In 1982 the Jamaican dub-poet Mikey Smith made his first and only tour of the UK. Dub poetry, with reggae and punk had grown in popularity in the 70s and 80s enabling otherwise obscure artists like Smith to perform to large and often adoring audiences in London. Filmed by Anthony Wall for the BBC, Smith’s inaugural tour eventually became the documentary ‘Upon Westminster Bridge’ shown at the Black Cultural Archives on July 4th. The film formed the centrepiece to an evening of ranting poetry hosted by the poet Tim Wells. Wells, a prolific poet who established the poetry zine ‘Rising’ in 1993 is somewhat a devotee of the Jamaican poet. In the upstairs room of the archives, habitual host now to screenings and discussions about what the archives mean to present and future generations, ‘Upon Westminster Bridge’ was introduced against the bustling backdrop of a Brixton in the midst of a heatwave. A counterpoint, an ode to an altogether grittier Brixton shows Smith wandering through the markets on Electric Avenue and Atlantic Road. He leans against shop fronts and serenades passing women. He pontificates, twinkle-eyed on the state of Jamaican culture shot through the haze of 1980s melancholy. Flitting between Jamaica and Britain the film presents the entanglement, the disavowal and finally a recognition of the intensely complicated figures that emerge in the wake of independence. The euphoria of being free is unhinged by the realities of poverty and claustrophobia, of idleness and ideal-lessness.

Hall will attest later in the evening as to Smith’s mesmeric presence along with his rhythmic wizardry, the Kingston drawl alongside humming bass, embracing a Jamaican identity in the English language. Murdered at the age of 27 in the wake of a hard right Labour rally in Kingston, Smith left a behind a devastating well of unfulfilled potential. He began writing poetry while in hospital at 14 with a broke leg that left him with the limp that always seemed at odds with his young age. Upon his death he had only released one record and one anthology of poetry but his enduring appeal bares an unquestionable influence on the poets performing in Brixton that night. Tim Wells, Hannah Lowe and the younger Kayo Chingonyi, each had their own memory of Smith to share, each a cataclysmic moment of hearing the hypnotic storyteller for the first time.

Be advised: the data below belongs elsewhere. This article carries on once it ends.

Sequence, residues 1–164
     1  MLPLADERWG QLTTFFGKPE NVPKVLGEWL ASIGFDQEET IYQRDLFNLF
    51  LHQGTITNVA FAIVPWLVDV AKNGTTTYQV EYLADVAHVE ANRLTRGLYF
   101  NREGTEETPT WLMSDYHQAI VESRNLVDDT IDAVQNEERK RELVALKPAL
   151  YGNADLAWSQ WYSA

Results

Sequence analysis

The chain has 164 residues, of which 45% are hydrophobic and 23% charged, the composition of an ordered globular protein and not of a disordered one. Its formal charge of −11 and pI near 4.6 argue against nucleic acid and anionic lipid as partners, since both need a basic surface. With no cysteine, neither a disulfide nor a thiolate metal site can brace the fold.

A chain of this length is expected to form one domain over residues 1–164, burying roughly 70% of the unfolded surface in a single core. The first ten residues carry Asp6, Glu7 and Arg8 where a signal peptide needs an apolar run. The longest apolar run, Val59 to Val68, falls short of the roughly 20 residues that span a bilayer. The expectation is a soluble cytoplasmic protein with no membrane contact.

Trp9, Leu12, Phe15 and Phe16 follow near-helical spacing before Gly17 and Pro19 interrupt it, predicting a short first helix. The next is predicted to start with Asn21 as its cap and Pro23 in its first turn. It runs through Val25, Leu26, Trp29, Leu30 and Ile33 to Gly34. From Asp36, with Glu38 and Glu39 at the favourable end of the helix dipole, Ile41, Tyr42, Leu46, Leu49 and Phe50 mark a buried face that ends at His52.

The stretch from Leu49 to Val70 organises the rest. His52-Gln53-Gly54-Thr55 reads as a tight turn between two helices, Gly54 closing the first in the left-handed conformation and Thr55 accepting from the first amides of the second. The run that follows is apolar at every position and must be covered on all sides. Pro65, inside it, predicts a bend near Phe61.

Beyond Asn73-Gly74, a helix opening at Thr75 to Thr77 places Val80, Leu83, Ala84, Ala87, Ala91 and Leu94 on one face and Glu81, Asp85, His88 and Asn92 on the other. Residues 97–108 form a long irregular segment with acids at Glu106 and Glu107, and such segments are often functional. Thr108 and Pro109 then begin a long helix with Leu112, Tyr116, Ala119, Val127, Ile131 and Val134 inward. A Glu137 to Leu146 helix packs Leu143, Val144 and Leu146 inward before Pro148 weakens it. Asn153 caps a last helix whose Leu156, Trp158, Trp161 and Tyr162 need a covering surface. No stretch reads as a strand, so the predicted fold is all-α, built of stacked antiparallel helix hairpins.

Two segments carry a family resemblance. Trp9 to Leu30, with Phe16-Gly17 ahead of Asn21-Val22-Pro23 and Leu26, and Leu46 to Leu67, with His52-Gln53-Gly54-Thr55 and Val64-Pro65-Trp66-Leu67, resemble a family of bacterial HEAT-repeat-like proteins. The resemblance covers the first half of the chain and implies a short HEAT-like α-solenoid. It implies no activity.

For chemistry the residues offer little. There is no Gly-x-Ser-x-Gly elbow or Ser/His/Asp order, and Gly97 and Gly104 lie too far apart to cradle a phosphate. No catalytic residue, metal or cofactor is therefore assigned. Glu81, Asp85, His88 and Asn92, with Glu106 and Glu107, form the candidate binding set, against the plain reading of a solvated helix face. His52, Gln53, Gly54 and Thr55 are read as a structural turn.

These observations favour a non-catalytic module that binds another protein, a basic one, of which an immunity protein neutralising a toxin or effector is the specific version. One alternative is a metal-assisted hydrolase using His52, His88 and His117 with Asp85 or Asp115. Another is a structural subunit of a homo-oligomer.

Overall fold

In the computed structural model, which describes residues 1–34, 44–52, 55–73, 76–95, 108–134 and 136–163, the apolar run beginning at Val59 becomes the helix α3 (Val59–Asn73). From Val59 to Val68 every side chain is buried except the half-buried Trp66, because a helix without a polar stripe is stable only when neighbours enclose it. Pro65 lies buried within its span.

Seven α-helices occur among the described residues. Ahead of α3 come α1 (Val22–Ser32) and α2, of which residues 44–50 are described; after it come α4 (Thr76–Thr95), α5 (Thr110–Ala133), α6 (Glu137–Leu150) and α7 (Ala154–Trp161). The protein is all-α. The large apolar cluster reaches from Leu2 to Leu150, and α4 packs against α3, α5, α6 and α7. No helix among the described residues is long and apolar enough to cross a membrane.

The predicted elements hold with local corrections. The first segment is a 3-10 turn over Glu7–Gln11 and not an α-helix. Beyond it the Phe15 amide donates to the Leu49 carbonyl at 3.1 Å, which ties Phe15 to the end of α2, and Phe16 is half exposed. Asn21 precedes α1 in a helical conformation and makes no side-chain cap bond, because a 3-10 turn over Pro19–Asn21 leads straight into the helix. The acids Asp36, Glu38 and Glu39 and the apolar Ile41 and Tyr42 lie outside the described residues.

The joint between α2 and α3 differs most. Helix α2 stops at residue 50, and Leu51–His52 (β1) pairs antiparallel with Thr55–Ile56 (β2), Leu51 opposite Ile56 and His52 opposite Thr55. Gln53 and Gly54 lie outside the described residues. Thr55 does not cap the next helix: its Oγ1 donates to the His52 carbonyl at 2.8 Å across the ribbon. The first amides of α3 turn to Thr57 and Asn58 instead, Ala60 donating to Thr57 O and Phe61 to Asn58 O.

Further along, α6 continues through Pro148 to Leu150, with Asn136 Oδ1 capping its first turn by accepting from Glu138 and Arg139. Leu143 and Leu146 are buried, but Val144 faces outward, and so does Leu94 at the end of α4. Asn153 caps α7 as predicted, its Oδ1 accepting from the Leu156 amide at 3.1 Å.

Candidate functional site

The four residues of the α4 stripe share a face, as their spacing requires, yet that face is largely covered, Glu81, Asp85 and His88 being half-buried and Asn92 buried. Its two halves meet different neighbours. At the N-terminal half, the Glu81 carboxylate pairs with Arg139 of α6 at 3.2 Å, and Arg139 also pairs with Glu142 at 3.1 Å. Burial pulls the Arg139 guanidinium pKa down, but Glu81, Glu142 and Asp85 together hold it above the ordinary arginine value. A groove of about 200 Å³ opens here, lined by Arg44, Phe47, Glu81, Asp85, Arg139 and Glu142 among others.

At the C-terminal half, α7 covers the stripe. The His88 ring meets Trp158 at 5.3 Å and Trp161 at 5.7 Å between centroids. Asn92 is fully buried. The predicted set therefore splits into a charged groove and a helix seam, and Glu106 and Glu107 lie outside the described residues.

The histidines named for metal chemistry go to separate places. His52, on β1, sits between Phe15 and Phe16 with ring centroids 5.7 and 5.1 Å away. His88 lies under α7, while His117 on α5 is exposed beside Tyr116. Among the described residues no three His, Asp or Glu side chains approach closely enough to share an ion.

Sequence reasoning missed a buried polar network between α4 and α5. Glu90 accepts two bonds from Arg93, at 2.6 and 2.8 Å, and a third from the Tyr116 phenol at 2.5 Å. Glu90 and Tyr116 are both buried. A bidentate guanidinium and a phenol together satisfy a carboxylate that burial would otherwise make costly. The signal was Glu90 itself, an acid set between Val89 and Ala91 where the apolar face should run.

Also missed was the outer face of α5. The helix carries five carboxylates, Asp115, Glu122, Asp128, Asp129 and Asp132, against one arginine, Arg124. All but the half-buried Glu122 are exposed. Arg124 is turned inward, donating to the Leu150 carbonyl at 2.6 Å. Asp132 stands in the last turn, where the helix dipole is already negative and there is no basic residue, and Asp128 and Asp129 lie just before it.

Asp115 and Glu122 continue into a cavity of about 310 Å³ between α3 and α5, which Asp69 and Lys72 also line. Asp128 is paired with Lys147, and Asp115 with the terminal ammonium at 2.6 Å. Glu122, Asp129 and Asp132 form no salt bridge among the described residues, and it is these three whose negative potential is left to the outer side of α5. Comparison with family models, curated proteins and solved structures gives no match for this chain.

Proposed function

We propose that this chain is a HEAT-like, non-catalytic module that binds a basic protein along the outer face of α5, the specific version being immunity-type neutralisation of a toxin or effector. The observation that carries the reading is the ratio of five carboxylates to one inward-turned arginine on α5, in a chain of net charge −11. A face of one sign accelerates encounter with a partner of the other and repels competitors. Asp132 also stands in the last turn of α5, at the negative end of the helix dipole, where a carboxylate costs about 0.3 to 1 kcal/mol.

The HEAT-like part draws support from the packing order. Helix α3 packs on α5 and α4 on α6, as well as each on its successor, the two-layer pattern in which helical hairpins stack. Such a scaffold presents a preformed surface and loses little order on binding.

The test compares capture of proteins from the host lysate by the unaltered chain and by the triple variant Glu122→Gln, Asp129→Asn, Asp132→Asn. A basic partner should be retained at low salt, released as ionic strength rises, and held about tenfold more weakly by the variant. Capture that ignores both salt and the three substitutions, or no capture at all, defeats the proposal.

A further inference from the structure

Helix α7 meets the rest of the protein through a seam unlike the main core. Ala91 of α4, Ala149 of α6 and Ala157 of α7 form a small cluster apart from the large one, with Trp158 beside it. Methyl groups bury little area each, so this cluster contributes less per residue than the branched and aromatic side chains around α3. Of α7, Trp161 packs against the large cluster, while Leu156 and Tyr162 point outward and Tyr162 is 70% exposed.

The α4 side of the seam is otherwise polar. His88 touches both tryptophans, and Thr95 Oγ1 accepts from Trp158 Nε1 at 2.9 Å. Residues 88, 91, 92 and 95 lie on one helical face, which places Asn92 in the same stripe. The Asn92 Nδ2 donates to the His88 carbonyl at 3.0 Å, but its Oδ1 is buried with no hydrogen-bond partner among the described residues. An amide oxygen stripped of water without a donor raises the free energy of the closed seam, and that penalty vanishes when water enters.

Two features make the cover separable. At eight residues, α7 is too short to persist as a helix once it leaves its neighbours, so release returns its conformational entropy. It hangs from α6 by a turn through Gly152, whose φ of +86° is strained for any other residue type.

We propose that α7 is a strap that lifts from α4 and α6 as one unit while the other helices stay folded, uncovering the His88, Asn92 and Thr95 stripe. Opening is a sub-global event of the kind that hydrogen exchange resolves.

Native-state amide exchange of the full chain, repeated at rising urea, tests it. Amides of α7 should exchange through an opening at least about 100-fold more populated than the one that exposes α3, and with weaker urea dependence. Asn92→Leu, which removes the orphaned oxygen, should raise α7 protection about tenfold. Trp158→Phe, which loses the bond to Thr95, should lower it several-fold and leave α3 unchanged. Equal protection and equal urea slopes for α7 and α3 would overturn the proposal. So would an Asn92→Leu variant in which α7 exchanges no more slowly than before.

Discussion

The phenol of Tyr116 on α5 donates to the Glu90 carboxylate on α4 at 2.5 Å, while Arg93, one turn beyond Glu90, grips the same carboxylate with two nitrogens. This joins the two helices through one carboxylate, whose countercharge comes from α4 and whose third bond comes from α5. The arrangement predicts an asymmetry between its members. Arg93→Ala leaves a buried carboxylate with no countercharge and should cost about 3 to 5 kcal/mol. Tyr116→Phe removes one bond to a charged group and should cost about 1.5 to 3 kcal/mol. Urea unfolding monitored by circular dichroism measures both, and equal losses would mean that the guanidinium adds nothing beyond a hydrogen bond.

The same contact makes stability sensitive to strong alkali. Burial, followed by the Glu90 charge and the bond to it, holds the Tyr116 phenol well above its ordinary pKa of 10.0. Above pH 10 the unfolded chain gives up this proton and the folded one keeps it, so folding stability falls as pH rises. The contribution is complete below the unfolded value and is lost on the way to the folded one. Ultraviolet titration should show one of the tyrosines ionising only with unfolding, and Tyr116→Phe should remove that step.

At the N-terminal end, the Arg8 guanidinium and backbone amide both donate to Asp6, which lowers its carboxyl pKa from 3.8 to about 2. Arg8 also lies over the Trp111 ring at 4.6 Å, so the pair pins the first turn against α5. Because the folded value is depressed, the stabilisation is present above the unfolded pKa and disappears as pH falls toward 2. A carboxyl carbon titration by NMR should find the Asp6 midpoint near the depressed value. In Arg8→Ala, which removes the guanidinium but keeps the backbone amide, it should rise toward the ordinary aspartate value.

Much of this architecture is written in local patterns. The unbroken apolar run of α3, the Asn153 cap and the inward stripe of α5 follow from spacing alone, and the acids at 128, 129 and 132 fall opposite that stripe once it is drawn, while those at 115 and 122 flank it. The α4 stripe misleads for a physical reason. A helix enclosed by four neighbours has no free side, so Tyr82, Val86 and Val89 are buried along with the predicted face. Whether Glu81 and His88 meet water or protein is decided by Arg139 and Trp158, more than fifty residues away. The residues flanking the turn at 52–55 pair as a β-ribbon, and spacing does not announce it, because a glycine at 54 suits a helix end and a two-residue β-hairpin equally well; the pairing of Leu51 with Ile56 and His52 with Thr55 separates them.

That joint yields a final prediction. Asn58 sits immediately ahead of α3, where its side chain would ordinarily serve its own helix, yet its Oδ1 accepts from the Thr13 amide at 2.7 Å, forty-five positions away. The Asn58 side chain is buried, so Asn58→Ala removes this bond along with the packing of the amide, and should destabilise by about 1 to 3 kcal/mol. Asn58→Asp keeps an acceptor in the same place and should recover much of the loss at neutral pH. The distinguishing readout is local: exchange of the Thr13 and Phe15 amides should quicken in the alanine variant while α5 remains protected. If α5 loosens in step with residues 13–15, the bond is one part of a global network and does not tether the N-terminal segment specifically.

Long after the evening ended, the sun set on the blink-and-you’ll-miss-it wave of change in Brixton, the residual image of the evening was of the poet and folklorist Louise Bennett gazing out of the screen in an early recording of her in Kingston performing in Jamaican patois. Responsible for a resurgence in interest in the use of dialect in Jamaican cultural output she remains an influence to continuing generations of national and international poets. And she seemed at home at the Black Cultural Archives. John Akomfrah of the Black Audio Film Collective has described the archive as a site of intervention; the BCA intervenes with a re-imaging of black cultural heritage. Paul Reid has noted that the power of heritage can transform lives by readdressing hegemonic, historic, partisan narratives. An evening of ranting poetry was the perfect encounter with Black Cultural Archives. At once an excavation and an exorcism in an iconic building, on an iconic square, in an iconic borough once again heralding great swathes of migrating change.

The Black Cultural Archives in Brixton are open now